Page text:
As a brick-and-mortar bookstore, we’ve always focused on the offline experience – the people and the physical community around books. The past eight years have taught us that the human connections we have made over books are incredibly strong. We’ve resisted the urge to go digital because we felt our essence would be lost.

Lakshmi and I started Atta Galatta to fulfil the passion of creating a space where we’d grow old together, surrounded by books, and it would have killed our spirit to force a transition to a cold, half-hearted online platform. Words like “online fatigue” and “overwhelming choices” are already being thrown around, and we felt the core of our bookstore would have been squelched by the unfeeling, all-seeing internet.

We did, indeed, try and push some books with a 50 per cent sale – the first time in our existence. People would call in with requests and we would package and deliver the books to them. The response was overwhelming. Within the first month, we sold five times the volume that we expect in a normal month, but it was sold entirely to a handful of our regulars. It’s hard to tell if they were simply coming together as a community to support us through the pandemic or if it was a genuine increase in book sales because of the pandemic. But less than ten per cent of these customers were people whom we did not already know.

We have made the conscious decision to sit the pandemic out – a tough decision, but an important one nevertheless. We’ve decided to use this time to move into a new space. We’ve hedged our bets that this is as good a time as any to take a break from our regular operations, and we will be in business again in our new store by the end of the year.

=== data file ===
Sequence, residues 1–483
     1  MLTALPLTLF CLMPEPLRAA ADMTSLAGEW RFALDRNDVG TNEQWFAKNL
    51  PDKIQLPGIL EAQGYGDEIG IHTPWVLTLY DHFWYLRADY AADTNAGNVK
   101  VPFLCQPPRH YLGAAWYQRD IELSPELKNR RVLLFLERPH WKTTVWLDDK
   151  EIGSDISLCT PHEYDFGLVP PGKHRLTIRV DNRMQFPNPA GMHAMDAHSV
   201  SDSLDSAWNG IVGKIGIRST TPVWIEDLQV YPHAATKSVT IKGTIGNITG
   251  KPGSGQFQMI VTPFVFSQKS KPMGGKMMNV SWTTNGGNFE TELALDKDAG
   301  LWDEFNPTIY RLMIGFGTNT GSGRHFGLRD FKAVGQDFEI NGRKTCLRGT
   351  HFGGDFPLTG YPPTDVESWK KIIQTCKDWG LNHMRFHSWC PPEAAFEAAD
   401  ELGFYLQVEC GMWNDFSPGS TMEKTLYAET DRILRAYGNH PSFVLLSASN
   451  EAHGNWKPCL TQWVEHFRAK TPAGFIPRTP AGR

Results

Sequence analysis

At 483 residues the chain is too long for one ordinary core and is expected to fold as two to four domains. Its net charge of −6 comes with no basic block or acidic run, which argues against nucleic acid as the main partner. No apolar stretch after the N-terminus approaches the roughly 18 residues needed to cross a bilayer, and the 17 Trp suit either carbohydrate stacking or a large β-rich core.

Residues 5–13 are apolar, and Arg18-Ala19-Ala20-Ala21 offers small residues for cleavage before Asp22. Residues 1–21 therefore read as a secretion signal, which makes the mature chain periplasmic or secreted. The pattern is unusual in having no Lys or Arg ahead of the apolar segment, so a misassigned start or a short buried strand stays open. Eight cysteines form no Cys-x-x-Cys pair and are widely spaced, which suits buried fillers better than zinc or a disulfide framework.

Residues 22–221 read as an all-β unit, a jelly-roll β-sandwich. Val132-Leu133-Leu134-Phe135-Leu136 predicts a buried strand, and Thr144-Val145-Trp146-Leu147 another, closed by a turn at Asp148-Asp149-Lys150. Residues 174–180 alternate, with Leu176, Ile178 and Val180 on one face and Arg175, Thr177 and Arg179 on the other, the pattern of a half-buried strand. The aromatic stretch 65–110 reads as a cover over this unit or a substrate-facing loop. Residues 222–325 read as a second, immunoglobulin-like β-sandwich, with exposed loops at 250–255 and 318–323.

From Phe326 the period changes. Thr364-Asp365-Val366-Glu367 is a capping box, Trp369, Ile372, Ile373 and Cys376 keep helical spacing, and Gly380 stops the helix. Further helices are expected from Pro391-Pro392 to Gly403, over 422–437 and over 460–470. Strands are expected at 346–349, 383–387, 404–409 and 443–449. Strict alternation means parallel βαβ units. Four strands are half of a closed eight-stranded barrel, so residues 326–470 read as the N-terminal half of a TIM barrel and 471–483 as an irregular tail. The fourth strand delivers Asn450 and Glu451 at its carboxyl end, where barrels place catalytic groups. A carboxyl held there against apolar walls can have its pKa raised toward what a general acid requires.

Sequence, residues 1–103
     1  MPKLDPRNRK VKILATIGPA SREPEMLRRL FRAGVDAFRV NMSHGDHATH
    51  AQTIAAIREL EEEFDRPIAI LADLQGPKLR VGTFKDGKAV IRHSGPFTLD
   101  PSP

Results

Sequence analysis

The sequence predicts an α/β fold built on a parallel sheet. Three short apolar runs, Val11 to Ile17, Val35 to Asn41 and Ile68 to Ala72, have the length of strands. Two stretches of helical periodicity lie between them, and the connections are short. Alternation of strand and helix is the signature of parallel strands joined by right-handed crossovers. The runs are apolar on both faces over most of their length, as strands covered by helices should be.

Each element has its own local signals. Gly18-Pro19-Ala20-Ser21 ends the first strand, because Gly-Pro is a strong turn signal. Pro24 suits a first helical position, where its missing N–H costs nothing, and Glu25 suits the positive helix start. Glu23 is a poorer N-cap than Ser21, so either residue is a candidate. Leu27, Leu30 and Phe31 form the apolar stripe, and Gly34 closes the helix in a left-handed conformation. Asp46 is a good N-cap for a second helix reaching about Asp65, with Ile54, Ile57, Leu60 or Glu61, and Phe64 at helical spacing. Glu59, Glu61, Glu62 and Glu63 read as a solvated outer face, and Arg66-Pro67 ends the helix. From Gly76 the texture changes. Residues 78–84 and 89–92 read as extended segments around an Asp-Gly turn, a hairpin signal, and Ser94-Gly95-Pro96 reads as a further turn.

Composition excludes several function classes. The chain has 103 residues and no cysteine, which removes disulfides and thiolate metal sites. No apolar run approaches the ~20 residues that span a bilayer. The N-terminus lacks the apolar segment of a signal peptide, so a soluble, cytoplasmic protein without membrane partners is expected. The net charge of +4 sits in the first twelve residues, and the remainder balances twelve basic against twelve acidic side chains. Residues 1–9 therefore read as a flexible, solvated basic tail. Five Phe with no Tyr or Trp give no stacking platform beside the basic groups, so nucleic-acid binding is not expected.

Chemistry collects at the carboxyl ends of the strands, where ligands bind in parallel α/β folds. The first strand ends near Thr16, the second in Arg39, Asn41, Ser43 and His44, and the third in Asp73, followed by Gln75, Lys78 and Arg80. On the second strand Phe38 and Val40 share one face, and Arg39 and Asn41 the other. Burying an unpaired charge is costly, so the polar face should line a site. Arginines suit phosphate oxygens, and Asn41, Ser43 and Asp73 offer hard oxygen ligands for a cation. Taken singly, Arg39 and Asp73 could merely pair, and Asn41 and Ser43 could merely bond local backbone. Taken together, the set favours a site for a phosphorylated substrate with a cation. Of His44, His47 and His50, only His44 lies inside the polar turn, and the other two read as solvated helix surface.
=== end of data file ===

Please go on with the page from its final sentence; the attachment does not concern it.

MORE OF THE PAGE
The great illusion

Now comes the crux of the problem: The industry has been talking about how the current book sales are more or less the same as the pre-pandemic numbers. The truth is we don’t have access to the raw empirical data, but sheer evidence makes me believe otherwise. I’ve visited other bookstores in Bengaluru during the pandemic and I didn’t see any of the usual footfalls. The problem with saying that sales are the same is hidden in the math. The publishing industry, even pre-pandemic, never actually tracked secondary sales from indie-bookstores like ours.

They would keep track of what was shipped to distributor warehouses or to Cloudtail (the Amazon marketplace) or Flipkart. But, in reality, this is a business where credit for purchases extends up to 60 days or possibly even more, and the gentle nature of the business means excess credit is provided very easily. Unsold inventory sent back to distributors is received in a leisurely manner. Unfortunately, this means that publishers are missing a crucial piece of data. They get no insight into whether the books have actually reached the hands of readers.

Perhaps only the major publishers have an on-the-ground sales team. That leads to a narrow understanding in the industry of the secondary sales in bookstores, which too are limited to metro cities. Even in the organised publishing world, the mid- to smaller publishers have zero visibility about secondary sales. They are completely dependent on their distributors for data, and even though I don’t wish to mention names, I know that this data is not forthcoming. This is not because of any mal-intent, but because this is the leisurely pace at which publishers, distributors, and real-world bookstores such as ours operate.

So, what if these books are just sitting in warehouses gathering dust during the pandemic? Does that truly count as book sales? To me, an old-fashioned bookseller, a book is only sold when it is in the hand of the reader and on its way to a cozy bookshelf. The stock of 12,500 books at Atta Galatta simply cannot be considered sold books.

The question in my mind is: have online sales really increased by a high enough order of magnitude to cover the lack of physical sales in bookstores? This begs a fundamental question of customer behaviour. In my experience, the people who walked into old-fashioned bookstores in the past did it for the experience of physically holding a book, smelling it, and flipping through the pages before they bought it. Have they simply transformed into cold online buyers as the numbers seem to suggest? I would bet my business that they haven’t.

If so, what is this rosy picture of increased book sales that people are portraying? Is it just wishful thinking?

This series of articles on the impact of the coronavirus pandemic on publishing is curated by Kanishka Gupta.